When you visit the beautiful green grounds covering an area close to 48 acres in Gorai, in the western suburbs of Mumbai, by the side of a creek overlooking Asia’s largest pagoda, it is hard to imagine that this picturesque location was until recently home to approximately 2.3 million tonnes of garbage in an open dump with an average height of 26 metres, about as high as a five-storey building.
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The Thermal Converter is Waste Processing Plant which combusts various waste at high temperature 1700 0 C , in order to reduce the emission of air pollutants including dioxin. The heating will be changed as superheated steam by a boiler. It will generate a turbine and generator which produce electric power. Also Thermal Converter destroys 97 % of waste leaving only 2 – 3 % residue as marble which is suitable for cement additives as well as ceramic production.
Millions of tonnes of plastic waste leaks into the world’s oceans every year. Though these are local, the problem of plastic production, waste generation, and plastic pollution is global. Global plastic production has increased steadily and has reached 320 million tonnes a year. Of the estimated 8.3 billion tonnes of plastic produced since the 1950s, only 9 percent has been recycled and another 12 percent incinerated.
Communities facing the prospect of having “waste-to-energy” incinerators established in theirneighbourhoods have a right to know the full details of the project and its impact on their health and environment. Host communities carry the direct burdens of these technologies in terms of noise, environmental pollution, and health and social impacts.
The mercury situation in the Philippines is alarming. In 2008, the Environmental Management Bureau, under the Philippine Department of Environment and Natural Resources, conducted a mercury assessment for the Philippines. The report revealed a staggering annual release of 133,589 kilograms of mercury into various environmental media, with air bearing the brunt of the emissions -- 80,755 kilograms of mercury are released into the air every year.
Clean Development Mechanism (CDM) funding for incineration and landfills currently represents a lost opportunity to reduce pollution and help improve the welfare and standards of living of some of the poorest people in the world. Additionally, this funding incentivizes the destruction of valuable resources that would otherwise have been recovered with significant climate benefits.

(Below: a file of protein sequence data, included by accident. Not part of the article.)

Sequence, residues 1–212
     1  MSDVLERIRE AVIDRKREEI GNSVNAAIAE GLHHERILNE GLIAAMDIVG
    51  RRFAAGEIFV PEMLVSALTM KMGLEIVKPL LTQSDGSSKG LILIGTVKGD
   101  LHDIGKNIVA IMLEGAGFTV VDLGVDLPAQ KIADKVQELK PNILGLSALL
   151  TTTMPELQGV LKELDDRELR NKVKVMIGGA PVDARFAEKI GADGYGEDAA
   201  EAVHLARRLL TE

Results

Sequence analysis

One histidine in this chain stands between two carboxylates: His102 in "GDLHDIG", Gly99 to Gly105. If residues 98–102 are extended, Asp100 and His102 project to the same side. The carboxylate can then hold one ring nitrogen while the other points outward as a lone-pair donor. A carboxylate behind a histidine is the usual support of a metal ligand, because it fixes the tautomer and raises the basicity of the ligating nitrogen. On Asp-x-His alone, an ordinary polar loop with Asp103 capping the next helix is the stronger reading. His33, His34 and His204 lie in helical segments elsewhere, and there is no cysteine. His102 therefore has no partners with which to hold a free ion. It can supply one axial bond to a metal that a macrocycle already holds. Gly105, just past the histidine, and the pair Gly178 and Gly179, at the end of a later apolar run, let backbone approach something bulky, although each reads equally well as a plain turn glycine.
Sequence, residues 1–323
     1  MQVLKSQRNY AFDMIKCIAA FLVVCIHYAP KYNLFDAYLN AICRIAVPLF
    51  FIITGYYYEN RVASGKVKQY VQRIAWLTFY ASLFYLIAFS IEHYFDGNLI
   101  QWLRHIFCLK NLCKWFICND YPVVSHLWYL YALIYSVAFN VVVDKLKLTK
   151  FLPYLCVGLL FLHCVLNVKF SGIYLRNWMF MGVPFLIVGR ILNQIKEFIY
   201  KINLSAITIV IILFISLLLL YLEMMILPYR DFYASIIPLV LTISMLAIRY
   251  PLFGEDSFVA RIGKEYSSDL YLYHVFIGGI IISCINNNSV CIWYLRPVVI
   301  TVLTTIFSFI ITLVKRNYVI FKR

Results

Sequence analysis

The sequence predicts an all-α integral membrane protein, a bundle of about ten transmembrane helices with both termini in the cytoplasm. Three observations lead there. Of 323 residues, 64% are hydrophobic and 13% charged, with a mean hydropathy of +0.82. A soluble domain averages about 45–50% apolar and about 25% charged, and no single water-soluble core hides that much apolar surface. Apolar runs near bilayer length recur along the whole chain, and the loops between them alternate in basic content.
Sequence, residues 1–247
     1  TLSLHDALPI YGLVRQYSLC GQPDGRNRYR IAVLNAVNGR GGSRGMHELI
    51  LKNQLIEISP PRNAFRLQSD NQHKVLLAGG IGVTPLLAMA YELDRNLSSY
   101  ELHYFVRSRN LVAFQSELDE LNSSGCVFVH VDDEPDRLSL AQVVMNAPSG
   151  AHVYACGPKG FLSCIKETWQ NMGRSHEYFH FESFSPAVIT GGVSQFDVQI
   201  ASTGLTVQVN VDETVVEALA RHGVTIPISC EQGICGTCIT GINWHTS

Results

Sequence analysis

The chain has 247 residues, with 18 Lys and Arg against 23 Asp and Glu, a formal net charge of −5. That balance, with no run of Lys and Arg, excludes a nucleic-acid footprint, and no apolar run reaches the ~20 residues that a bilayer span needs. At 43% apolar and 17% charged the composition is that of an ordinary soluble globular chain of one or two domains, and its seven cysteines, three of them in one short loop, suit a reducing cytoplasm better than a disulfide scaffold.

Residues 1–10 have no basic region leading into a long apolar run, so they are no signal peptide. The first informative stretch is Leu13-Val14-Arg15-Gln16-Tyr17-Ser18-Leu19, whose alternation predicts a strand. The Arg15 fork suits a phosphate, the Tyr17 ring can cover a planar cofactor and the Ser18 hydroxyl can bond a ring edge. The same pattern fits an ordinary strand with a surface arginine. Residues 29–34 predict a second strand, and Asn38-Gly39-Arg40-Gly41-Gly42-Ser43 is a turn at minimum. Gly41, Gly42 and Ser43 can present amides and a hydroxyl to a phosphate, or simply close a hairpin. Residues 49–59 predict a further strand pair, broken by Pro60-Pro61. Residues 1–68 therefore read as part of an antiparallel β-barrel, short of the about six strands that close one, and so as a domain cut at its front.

Growing numbers of communities around the world are adopting Zero Waste policies, having become frustrated with the progress of governments and businesses to deal with the waste crisis. By doing so they are sending a powerful message to decision-makers and business that communities no longer want to be the final dumping ground for the outputs of the industrial system - and that cheap, easy disposal is coming to an end.
In many cities in developing countries, the most serious environmental and health problems are related with inadequate solid waste management (SWM). Urbanization or an increase in population, respectively, leads to increased waste generation in urban areas. Most problems are strongly related to inappropriate treatment of the organic fraction of municipal solid waste (OMSW). Composting and anaerobic digestion (AD) are seen as the most favored options to deal with OMSW.
Jahan-e-Kabari is a platform for sharing ideas and news about the informal recycling sector, on issues that impact informal waste recyclers- wastepickers, pheriwallas, thia walas, kabaris. This newsletter will knit ideas together to share with both the sector and the larger world of practitioners and interested persons and organizations. This issue focuses on waste-to-energy and waste pickers.
This paper unpacks the interaction between the informal sector and the private waste contractors and the impact of privatization on the informal sector in Delhi. It uses the unfolding of privatization in Delhi and global experiences to understand the issue and to suggest how waste can be handled in an equitable manner.